The application is still exposed to the first found vulnerability, even after several updates. So…likewise…I do not further care about a responsible disclosure process with Photodex, it’s just a waste of time!
My newly discovered issue, is quite easy to exploit. For those of you who are interested, here’s a short review of the discovery and exploitation process. By the way the application contains several other security flaws. Let’s expose’em all ;-)
When opening the application help via the menu, the application loads the location of the help file from the file “proshow.cfg”. If the file “proshow.phd” also exists the values are crosschecked.
So basically it’s a buffer overflow vulnerability triggered by some malformed input which leads to EIP control:
The vulnerability can be triggered by copying a “proshow.cfg” / “proshow.phd” configuration file with a manipulated ”cpicHelpFile” identifier to the application directory and after launching the application by manually navigating to the application help via the menu:
But what happens here ? The vulnerable code snippet:
Let’s examine the different parts: The application first loads the “cpicHelpFile” value from the configuration file, and directly uses that string as an argument for the ExpandMacroFilename() function without a proper input validation:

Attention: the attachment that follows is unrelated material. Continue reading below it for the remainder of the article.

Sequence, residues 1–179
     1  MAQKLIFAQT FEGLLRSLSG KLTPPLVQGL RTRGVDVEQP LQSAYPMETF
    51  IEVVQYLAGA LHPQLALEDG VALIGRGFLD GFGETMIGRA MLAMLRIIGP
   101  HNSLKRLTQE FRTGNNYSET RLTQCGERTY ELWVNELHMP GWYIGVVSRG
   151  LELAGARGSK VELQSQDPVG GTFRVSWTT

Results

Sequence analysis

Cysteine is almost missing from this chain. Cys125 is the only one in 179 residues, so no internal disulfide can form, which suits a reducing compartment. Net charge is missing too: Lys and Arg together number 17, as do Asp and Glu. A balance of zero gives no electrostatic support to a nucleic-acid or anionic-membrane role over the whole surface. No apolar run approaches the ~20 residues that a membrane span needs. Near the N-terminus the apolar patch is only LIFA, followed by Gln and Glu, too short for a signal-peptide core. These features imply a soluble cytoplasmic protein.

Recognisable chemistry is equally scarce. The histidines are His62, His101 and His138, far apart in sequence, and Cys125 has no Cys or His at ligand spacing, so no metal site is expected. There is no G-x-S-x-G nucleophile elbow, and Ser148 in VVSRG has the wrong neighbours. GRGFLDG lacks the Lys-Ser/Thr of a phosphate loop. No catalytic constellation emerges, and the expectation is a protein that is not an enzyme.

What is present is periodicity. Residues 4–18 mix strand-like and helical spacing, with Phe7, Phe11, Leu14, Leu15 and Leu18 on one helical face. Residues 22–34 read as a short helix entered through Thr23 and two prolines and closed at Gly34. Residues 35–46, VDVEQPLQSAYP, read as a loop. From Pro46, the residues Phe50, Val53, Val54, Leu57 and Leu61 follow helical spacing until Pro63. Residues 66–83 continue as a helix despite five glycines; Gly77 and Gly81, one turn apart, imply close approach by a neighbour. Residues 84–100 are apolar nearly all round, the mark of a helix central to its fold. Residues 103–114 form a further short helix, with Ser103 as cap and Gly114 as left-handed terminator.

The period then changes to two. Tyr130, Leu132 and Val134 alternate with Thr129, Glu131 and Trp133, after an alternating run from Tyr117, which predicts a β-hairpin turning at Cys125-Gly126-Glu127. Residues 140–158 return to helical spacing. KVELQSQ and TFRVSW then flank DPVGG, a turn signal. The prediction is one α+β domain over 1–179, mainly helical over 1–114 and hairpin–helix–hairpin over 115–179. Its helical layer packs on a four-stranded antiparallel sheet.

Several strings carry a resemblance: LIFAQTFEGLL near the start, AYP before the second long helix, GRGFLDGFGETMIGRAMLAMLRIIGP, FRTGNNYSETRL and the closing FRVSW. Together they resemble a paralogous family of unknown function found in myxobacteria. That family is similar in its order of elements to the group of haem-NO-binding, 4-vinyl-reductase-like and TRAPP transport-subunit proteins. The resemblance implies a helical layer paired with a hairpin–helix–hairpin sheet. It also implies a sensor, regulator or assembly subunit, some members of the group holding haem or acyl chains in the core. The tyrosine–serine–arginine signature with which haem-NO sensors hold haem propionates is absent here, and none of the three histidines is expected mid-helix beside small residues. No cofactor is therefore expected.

The ExpandMacroFilename() function then copies the string byte by byte:
And fills up the stack:
So far, the malformed string did not overwrite anywthing useful. The string is again used as an argument for the Windows HelpFile - System “hh.exe”, which is executed using a Kernel32.WinExec call:
That’s the reason why the triggered vulnerability will always show a msgbox from the hh.exe stating that the help file couldn’t be found. Anyways I gnore this message for this demonstration.
At the end of the vulnerable code part, the ESP is moved directly into the overwritten part of the stack and ret’ed…
…which means full application flow control:
Now an exploit can be developed as usual. A look at the next stack frames shows that there is a pointer to the beginning of the input string at ESP+C4 (yes this is just one way, there are several others):
Great, just need to find an instruction somewhere in the code to jmp or call this part. A quite good location to look for a matching instruction-set is the if.dnt application file, because it’s not protected by Rebase, SafeSEH, ASLR or NX and it’s always delivered with the application installer, which should serve a quite reliable exploit - ignore the .dnt extension here - it’s just a renamed .dll file:
The mona.py script reveals a useful instruction set @ 0x101af2ba:
which jumps directly to ESP+C4 and executes the code starting at this position. Side-Notice: We’ve got only 244 bytes of space for shellcode, beacuse the application terminates the copy-process at some point.
Now the same shellcode already used in my firts exploit can be used to launch a calc.exe:
inserted into the proshow.cfg:
and into proshow.phd:
And finally this leads to a reliable way of shellcode execution - working fine on Windows XP SP3 and Windows 7 SP1 x64